'Capitalism trumps all': Radio station blacklists rapper unless fans create demand

A prominent New York radio station isn't planning on debuting any of rapper Tekashi 6ix9ine's music following his release from prison unless fans demand it.

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A HOT 97 executive told TMZ if and when the rapper, known for his rainbow-colored hair and trademark “69” tattoo on his forehead, releases music they will not jump to debut any of the records. In fact, they don't anticipate playing any of 6ix9ine's music at all.

"In the end, capitalism trumps all," TMZ wrote.

The only way the station would allow the musician's tunes to hit their airwaves was only if there was a public uproar from fans over a widely-popular song, the executive reiterated to the outlet.

In addition, HOT 97 said the rapper's chances of performing during the station's Summer Jam was almost non existent due to the fact that he is a liability, according to the report.

Combined photo of Tekashi 6ix9ine attending Made In America - Day 1 on Sept. 1, 2018, in Philadelphia, and the Hot 97 logo. (Shareif Ziyadat/WireImage via Getty Images, File | iStock)

HOT 97 has not immediatly responded to FOX Business' request for comment.

The executive told the outlet that they have never been a fan of the rapper who recently testified against two alleged members of a Brooklyn street gang of which he was said to also be a member. The rapper, legally known as Daniel Hernandez, detailed the inner workings of Nine Trey Gangsta Bloods, also known as Nine Trey, in hopes of a reduced prison sentence after pleading guilty to charges stemming from his role within the gang.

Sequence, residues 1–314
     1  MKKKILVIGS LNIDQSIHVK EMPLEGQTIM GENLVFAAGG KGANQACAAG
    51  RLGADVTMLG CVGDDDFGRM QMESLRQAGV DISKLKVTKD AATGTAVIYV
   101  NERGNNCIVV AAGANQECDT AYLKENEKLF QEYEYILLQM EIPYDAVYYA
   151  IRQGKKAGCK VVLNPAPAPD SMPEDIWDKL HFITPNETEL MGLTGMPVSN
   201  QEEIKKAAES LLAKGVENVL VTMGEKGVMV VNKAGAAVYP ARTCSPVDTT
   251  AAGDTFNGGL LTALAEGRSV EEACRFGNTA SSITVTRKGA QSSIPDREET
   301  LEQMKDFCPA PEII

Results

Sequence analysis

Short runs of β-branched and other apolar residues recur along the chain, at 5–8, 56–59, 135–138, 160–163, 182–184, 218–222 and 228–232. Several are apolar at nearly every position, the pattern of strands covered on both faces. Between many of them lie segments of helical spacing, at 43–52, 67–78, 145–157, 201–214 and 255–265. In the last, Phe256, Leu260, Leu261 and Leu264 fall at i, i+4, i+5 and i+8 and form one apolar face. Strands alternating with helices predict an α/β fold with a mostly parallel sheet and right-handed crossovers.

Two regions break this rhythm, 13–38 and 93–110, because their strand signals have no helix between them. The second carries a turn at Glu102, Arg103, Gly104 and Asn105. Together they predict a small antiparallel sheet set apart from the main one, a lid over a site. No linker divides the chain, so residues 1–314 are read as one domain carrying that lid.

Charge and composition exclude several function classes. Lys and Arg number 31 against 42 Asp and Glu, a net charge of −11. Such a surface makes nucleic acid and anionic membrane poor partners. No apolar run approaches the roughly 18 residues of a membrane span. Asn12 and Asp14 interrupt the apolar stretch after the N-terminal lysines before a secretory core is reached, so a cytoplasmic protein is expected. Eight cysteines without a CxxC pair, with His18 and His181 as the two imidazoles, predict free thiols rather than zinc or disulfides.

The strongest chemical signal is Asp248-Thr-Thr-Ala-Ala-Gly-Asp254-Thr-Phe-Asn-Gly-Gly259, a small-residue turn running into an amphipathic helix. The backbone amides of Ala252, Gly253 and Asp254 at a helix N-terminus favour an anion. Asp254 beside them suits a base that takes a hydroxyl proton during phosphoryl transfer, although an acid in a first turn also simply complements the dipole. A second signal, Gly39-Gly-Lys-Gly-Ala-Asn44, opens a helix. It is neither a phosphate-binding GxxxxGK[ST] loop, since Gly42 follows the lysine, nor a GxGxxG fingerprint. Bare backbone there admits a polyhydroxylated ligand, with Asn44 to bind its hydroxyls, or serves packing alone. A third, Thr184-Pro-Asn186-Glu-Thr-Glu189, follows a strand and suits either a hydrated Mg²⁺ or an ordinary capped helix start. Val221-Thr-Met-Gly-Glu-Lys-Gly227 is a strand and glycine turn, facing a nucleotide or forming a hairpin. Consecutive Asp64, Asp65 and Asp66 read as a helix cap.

He was charged alongside other alleged members who "wreaked havoc on New York City, engaging in brazen acts of violence," U.S. Attorney Geoffrey S. Berman said.

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He quickly betrayed the group after becoming a "star witness for the federal government," according to The New York Times. The move to testify put him at risk behind bars and prompted rap icon Snoop Dogg to label him a “snitch” in a recent Instagram post.

The rapper was a social media phenomenon with millions of followers on Instagram before becoming an ascendant name in hip-hop. He testified in court that he was a high-school dropout and deli worker when he launched his rap career. While on the stand, the rapper described how he discovered a formula for success with the crew saying he was just to “keep making hits and be the financial support for the gang ... so they could buy guns and stuff like that.”

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The Associated Press contributed to this report.